If there are foreign crew then the Department of Immigration will need to be notified of the arrest.
The Marshal must also give instructions to the Master and any crew remaining on board that any visitors, press, maintenance workers etc can only board the ship with the Marshal's permission.
If the Master or any member of the crew is a foreign national or foreign resident and elects to leave the ship or is discharged, that person must be repatriated unless he or she is taking a post on another ship.
Where repatriation is to occur, the Marshal with the assistance of the Master should prepare a schedule of costs of repatriation.
The schedule should provide for air travel to the nearest home port, any domestic travel and enough cash to enable the crew member to reach home.
It has been held by the courts that, while in most cases the costs of repatriation are expenses of the arrest, these costs may also be expenses of sale (Patrick Stevedoring No 2 Pty Ltd v Turakina and Waitemata Stevedoring Services Ltd v Rangitata & Ors (1998) 154 ALR 514; 84 FCR 493).
The Marshal should also ascertain whether any member of the crew has personal belongings that cannot be carried out of Australia as plane luggage (for example, in the matter of Patrick Stevedores No 2 Pty Ltd v M V Skulptor Konenkov NG 495 of 1995 it was necessary to have a crew member's second-hand car shipped to Russia by container).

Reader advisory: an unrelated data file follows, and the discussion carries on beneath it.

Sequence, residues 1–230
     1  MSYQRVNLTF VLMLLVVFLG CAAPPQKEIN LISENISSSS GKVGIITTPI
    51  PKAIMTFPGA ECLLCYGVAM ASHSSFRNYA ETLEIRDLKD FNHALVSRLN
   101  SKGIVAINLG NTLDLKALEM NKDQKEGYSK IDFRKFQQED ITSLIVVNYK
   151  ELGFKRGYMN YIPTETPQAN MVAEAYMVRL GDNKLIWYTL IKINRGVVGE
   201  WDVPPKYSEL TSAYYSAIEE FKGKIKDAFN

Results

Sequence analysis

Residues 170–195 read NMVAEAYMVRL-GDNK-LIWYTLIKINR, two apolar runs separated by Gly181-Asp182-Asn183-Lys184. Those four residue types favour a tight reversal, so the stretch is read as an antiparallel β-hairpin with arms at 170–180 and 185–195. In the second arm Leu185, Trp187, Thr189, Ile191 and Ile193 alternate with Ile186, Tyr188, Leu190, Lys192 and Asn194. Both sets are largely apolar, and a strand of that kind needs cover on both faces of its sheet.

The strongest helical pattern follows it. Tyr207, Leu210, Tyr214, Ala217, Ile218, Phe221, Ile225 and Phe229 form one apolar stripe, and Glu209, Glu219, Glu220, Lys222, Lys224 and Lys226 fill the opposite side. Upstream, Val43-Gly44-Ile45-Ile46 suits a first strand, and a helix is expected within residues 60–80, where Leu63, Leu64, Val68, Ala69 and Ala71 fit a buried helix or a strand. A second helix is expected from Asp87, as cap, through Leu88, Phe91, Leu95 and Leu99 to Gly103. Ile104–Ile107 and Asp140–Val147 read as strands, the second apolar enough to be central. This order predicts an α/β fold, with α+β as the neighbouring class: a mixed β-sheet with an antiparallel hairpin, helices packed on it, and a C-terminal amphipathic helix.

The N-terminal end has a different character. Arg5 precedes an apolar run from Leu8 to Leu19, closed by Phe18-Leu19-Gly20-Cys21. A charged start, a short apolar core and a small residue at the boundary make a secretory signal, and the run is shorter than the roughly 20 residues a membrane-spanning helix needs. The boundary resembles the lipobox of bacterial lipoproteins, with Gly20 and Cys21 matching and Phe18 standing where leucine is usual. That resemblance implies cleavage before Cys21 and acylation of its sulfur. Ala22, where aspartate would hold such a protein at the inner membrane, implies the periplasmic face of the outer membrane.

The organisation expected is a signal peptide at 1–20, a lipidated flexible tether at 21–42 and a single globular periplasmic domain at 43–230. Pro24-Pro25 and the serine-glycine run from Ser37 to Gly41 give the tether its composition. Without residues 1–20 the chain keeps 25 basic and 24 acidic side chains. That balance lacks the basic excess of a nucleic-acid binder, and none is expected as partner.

In some ports the Harbour Master requires that a Master and crew be engaged for ships of a certain size.
The Marshal must consider whether a crew or a ship's keeper are necessary to maintain the ship in good working order, for instance by keeping machinery running (such as pumps and generators).
Consideration should be given to using a labour hire firm, otherwise it is the Marshal's responsibility to make wages, tax and superannuation payments and to arrange any applicable insurance cover. Alternatively, the Marshal can ask the plaintiff to retain a crew.
The advantage of the latter is that the Marshal does not have to outlay any moneys for wages or be responsible for tax, superannuation and insurance. In such cases the plaintiff will usually seek an order from the Court that money paid for the crew be recoverable as part of the Marshal's expenses of arrest.
The Marshal must ensure that the Harbour Master, the plaintiff, the water police and other interested parties are kept informed of arrangements concerning the crew of the ship.